Let’s look at the pictures:

Rusty rhubarb.
Lavender weed.
Typical sky shot.
Suddenly a raven. I fired off half a dozen shots trying to get this bird in frame and in focus!
Pale moth. (Notice the lack of sharpness due to the lens.)
A look at the lake.

Over-all I’d say the results are good, maybe only fair. Changing the lens helps (I have another series coming re that), but nothing can be done about the 6MP limitation on getting closer after the shot was made.

This is a camera I should sell. The question mark hanging over that is: would anyone buy it? If not, I have no problem keeping it. It doesn’t take up much space and is unlikely to get any worse from sitting unused.

The Last Picture?

While taking photos of hummingbirds at the feeder I suddenly lost vision in my right eye. The symptoms are that of a detached retina. Today begins the hunt to see if anything can be done about it: the longer the wait the lower the chance for restoration.

My vision has been getting worse over the years. It was never all that good, but at least serviceable. It’s bad enough I’m going deaf, do I have to be blind as well?

This could be the event that forces major changes of life. I’m not looking forward to it. Even dealing with the logistics of getting examined is tricky. Writing this blog entry has been a struggle too; I never realized how much I depend on my right eye and the automatic depth perception it imparts.

Female Rufous hummingbird.

Canada Day: the good, the bad, and the ugly

Clouds made of smoke.

Canada Day, 2021.

First the good news; one of the missing cats, Hannibal, has returned! I happened to look out the window and there he was sitting on the deck. Appears to be none the worse for his four day adventure, except for an insistence on going out again. That’s not happening, big furry cat.

The bad news; wild fires have broken out all around, thanks to the thunderstorms last night. The air smells of smoke, the sky looks of smoke, and the nearest one is at the next lake over – just five kilometers away.

As seen from above.

This satellite view taken at about 4:30 PM Wednesday off Zoom Earth shows the cloud formations from the two largest fires. The one on the left you can follow the smoke trail down to the Lytton fire, and the one on the right leads down to the Kamloops fire. The shadow on the right is caused be the density of the smoke clouds, and the look white because if reflecting the sun back to the satellite. From beneath they are dark and grey-brown.

Raven lamenting.

The ugly part is that we don’t have much to celebrate in Canada this year. The revelation of the horror that was the residential schools has justifiably put a damper on all the good news, even the advances made against the pandemic. For those who don’t know, these “residential schools” were authorized by the government and operated largely by the Catholic church. For over 100 years, right up into the 1990s, they essentially kidnapped native children and abused them in some delusional effort to integrate them into mainstream society. What they really did was damage and often kill them. Then they tossed them into unmarked graves like so much garbage. The concept alone is appalling and horrific. The way they carried it out is akin to the Holocaust. Really. That this happened under what should have been the watchful eye of a supposed modern-day democracy rather than some ancient civilization or evil dictatorship only emphasizes how horrible it was. I don’t know where we go from here, but the road will be long and difficult.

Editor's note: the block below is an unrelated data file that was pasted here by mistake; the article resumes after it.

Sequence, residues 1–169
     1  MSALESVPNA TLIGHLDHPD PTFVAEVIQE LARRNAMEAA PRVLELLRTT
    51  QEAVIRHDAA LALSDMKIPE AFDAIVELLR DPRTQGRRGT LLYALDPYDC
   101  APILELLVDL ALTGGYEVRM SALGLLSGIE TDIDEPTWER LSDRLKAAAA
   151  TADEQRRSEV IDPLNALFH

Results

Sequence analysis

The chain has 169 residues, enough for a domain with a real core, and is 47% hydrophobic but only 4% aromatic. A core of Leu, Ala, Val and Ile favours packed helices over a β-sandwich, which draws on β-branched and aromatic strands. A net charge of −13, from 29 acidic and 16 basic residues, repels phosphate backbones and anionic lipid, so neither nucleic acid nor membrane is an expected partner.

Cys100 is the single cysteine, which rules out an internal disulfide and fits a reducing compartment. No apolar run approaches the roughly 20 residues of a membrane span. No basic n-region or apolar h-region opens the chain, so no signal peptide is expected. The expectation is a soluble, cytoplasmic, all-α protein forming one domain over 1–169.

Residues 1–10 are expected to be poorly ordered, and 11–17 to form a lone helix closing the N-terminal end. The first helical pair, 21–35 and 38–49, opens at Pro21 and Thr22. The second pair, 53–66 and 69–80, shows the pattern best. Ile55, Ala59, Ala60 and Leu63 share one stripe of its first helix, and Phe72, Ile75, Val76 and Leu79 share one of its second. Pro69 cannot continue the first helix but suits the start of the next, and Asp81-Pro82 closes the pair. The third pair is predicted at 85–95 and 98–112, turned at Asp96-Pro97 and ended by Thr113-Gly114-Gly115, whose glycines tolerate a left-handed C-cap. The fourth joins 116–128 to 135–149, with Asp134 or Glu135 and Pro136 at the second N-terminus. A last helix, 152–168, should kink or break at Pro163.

As always, I concentrate on the little things I have some control over. Slowly work progresses, and I try not to think about the fact it may all burn down soon.

I am tired, I am weary, I am sad.

How hot was it?

We are currently experiencing a historically unprecedented heatwave here in BC. Records are being set daily, including Lytton giving Canada a new all-time high of 49.5C/121F. Here at the cabin we’ve hit 41, which is the hottest it’s ever been here. The heat is supposed to break tomorrow, with thunderstorms. This brings up another problem: lightning. We already have two large, out-of-control wildfires burning not too far away. The smoke cast a haze in the air here this morning. Welcome to Hell.

In fact I’ve only been able to work a couple of hours in the morning before it gets too hot to do anything. I’ve not been going out unless absolutely necessary, and we don’t even let the dogs stay out for long. It’s a case of “just get through this”.

Some bad news: two of our cats have gone missing and the outlook for them is not good. There is water and prey out there if they can find it, but …

MIA: Hannibal, aka Puff-puff.
MIA: Boots, aka Twinkle-toes.

Few photos being taken, due to the heat. But here are a few.

Queen of the Hill (look close).
Robin on the nest.
New flower. I don’t know what it is; never seen one before.
Robin’s egg blue. I quite like this pic.

Beyond the immediate area many things are happening. BC’s state of emergency will finally be lifted July 1, and many rules relaxed including mandatory mask requirements. I will wait until my 2nd shot (on Friday) has had time to take effect before I doff the N95. Unless I have to keep wearing it against wildfire smoke. *sigh* I’m used to that.

Birdies

A small assortment of accumulated bird pictures.

But is having colouration like a gravel road a sensible survival adaptation? (Ruffed grouse)
Prison guard. (Northern rough-winged sparrow)
Blending in. (Alder flycatcher)
Serenity. (Barrow’s golden eye)

Incidentally WordPress no longer allows me to edit published posts in any way, so whatever typos I make are now permanent.

Around the towns

Some things spotted here in 100 Mile and there in Williams Lake. All pictures taken with the Canon G11.

1949/50 Mercury M-47
Com tower
Study in Orange and Gray
Why fly when you can take the train?
Land and sky
Nectar of the gods

Other than these photos the day didn’t go very well. I’m heading back to the cabin to resume work soon.